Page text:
In April 2018, companies in the UK were required to report their gender pay gap. The construction industry, especially, not appearing in a great light.
The report showed that almost eight in 10 companies and public sector bodies pay men more than women and in nine out of 17 sectors, men earn an average of 10 percent more. The construction industry ranks as one of the worst for pay inequality, with women paid an average of 36 percent less than men.
New government regulations required businesses with more than 250 employees to publish:
Their gender pay gap. Their gender bonus pay gap. Proportion of men and women receiving bonuses. Proportion of men and women in each quartile of the organisation’s pay structure.
These figures indicate disparity in employee earnings.
Pay Inequality in Construction
A Randstad survey analysed the gender pay inequality in construction and found that the average gender pay gap in the industry is 25 percent.
The Office for National Statistics (ONS) released similar figures in October 2017 and revealed that the median gender pay gap in construction was 14.9 percent. The fact that this figure is now an average of 25 percent indicates that the gender pay gap is an even more serious issue than expected.
An article published on Construction News analysed the significance of this issue and found that among the top 10 biggest contractors in the UK, Bouygues UK and Mace Ltd have the biggest pay gaps. Median gaps of 40.9 and 39.9 percent were reported, respectively, which is nearly 20 percent higher than the industry average.
As for bonuses, nine of the top 10 contractors reported a median bonus pay gap of 33 percent or higher. In fact, Balfour Beatty had a median difference of 65 percent, which is significantly higher than the industry average.
What Causes This Disparity in Pay?
The construction industry has long had a reputation of being “male dominated” and lacking female representation across all levels, from entry-level to senior. More than 5,500 people from the construction industry were surveyed in the Randstad study and just under half (49 percent) said they’d never worked with a female construction manager.
Further analysis suggests that women make up less than 10 percent of employees in the top pay quartiles. On average, the average proportions of women in the upper middle, lower middle and lower pay brackets are 11.6 percent, 16.2 percent and 26.1 percent, respectively.
These proportions may suggest why there is such a difference in pay and represent possibly the biggest concern for the construction industry. There are far fewer women in top senior positions in construction than men. Women tend to hold roles in admin and support roles.
Why the Gender Pay Gap Matters Unhappy, Unproductive Employees
This disparity in pay can lead to demotivated, disgruntled employees. If your female workforce think that they’re much less likely to gain a more senior role, higher pay or bonus than their male counterparts, they’ll be less motivated to work hard. They may not work to their full potential, which can lead to reduced productivity.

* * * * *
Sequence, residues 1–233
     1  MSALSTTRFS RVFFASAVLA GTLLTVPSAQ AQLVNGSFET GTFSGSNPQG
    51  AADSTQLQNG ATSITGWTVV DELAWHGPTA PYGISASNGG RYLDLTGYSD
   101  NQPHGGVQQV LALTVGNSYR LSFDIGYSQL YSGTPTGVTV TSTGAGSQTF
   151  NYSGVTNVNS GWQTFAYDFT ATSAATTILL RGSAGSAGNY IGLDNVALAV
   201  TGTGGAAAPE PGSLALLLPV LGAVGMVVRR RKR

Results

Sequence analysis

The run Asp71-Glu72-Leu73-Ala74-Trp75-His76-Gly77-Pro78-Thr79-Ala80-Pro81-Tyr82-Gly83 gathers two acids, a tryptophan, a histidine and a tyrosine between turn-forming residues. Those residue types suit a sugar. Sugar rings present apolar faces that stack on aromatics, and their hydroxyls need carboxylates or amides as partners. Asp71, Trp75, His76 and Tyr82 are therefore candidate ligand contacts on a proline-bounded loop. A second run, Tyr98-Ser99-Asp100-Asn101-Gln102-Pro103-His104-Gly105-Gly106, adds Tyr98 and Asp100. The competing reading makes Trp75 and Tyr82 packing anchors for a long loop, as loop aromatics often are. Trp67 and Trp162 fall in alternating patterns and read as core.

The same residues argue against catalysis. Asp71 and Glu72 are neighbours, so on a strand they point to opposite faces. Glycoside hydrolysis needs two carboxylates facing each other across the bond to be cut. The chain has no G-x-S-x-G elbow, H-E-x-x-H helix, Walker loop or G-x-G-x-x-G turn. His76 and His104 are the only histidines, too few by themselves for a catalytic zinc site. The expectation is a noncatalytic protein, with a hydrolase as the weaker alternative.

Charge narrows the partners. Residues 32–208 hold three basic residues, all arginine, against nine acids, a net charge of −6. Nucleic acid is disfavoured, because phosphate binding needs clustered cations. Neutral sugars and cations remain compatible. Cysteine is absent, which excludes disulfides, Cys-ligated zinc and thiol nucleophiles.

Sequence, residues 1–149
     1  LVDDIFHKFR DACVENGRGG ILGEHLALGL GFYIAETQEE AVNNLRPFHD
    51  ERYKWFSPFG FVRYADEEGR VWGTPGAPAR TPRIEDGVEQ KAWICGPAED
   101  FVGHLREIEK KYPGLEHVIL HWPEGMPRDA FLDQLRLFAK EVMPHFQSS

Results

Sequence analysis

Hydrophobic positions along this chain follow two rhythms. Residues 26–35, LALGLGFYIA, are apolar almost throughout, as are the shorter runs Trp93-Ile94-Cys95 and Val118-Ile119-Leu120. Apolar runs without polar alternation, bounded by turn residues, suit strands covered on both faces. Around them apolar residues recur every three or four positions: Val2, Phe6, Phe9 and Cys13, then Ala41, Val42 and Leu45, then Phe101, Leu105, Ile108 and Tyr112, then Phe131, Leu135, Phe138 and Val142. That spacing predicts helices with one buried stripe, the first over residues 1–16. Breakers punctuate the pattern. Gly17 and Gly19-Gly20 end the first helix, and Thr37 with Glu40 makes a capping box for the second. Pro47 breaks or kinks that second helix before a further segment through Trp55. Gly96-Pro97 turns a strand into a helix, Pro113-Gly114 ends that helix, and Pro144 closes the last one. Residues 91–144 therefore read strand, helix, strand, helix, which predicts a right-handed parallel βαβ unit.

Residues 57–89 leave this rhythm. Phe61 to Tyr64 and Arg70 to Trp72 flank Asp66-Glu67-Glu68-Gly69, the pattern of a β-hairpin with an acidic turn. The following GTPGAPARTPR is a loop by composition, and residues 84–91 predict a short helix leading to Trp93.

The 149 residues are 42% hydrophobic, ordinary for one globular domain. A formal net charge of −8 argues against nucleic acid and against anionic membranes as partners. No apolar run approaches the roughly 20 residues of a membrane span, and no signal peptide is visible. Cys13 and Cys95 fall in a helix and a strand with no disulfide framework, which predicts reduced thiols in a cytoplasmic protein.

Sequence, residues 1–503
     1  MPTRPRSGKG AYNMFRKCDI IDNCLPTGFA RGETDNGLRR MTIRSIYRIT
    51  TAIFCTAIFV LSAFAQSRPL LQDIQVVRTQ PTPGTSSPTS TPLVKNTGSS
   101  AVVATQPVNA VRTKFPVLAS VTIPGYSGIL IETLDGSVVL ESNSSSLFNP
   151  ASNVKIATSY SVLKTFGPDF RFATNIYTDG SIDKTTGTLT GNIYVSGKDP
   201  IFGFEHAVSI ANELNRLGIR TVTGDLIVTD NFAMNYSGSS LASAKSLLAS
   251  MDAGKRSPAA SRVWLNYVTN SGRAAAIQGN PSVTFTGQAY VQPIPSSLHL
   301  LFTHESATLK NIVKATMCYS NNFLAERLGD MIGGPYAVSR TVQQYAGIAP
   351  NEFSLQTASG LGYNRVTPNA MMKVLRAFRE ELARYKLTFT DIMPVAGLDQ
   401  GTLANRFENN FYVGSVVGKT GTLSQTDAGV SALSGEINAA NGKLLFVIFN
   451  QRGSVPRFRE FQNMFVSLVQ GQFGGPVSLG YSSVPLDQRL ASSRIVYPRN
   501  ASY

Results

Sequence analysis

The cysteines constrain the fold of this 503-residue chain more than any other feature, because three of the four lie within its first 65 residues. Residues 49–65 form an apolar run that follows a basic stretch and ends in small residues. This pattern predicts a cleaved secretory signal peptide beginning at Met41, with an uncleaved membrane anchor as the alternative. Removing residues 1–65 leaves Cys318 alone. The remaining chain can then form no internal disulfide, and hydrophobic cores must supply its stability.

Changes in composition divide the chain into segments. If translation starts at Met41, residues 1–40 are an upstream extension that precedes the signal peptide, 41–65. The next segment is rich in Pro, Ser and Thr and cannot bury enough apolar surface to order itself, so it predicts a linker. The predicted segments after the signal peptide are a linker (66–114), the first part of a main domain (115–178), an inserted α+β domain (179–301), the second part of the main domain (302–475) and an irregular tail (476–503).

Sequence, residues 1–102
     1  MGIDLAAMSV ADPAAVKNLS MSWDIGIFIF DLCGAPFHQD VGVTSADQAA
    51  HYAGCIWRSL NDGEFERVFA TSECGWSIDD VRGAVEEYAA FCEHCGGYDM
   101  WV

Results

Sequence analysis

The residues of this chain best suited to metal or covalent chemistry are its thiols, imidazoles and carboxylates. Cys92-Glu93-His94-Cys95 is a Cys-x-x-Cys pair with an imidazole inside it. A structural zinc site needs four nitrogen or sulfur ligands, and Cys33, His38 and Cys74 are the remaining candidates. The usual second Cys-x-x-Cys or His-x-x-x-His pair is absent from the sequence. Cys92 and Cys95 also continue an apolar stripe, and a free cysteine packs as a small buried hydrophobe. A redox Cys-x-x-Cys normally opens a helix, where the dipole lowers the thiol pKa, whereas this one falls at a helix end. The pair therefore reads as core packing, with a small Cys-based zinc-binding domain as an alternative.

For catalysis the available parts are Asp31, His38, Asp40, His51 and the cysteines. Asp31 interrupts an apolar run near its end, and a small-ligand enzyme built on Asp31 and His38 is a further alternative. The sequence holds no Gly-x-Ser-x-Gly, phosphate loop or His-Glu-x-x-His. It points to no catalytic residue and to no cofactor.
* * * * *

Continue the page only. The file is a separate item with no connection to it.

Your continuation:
Risk to Reputation
Gender pay gaps can harm your business’ reputation. Consumers, investors and other businesses are becoming increasingly focused on ethical behaviours. If it’s revealed that your business has a significant difference in pay due to gender, it can affect your relationship with more than just your employees. It can affect your relationship with customers, suppliers, investors and stakeholders. This includes present and future.
Difficulty in Recruiting and Retaining Employees
When people are applying for a job, your position on equality and diversity is an extremely important factor they’d consider. If your business gains a reputation for its gender pay gap, you may find it difficult to recruit and retain employees.
How Can You Handle This?
The main issue surrounding gender pay inequality in the construction industry is that it has long been a “male dominated” workplace. It’s difficult to say precisely why this is the case, but what you need to do is to redesign policies and environments in order to eliminate any bias you may have about your recruitment process.
For instance, you can remove any gendered language from job advertisements and demographic information from applications. As well as a mixture of structured and unstructured interviews, consider using predictive tests or work sample tests as well. That way, you can test an applicant’s ability more objectively.
In addition, you should also offer more extensive career development within every job role to give everyone an equal opportunity in career progression.
Be aware that the publication of gender pay gap information may affect a variety of stakeholder-related decisions, from employees to consumers. It can particularly affect investment decisions which can obviously have a negative impact on your company’s financial state.
So, it’s important that you focus on how to clearly communicate how any gender pay gaps will be addressed. You can do this in a variety of ways, such as via press conferences, press releases or statements on social media.
How Else Can You Improve Your Workplace?
Gender pay gap is a serious issue that covers many industries. It has a particularly strong impact on construction, with the pay gap being the largest of all industries at an average of 25 percent. While eliminating disparities in the gender pay gap can improve your workplace in a variety of ways, it’s not the only thing you need to think about. Health and safety is another important factor to consider.
Summer brings its own share of hazards and you need to make sure your team is well protected against them. Download our free guide to working outdoors in summer and find out how to prepare your workers from seasonal hazards.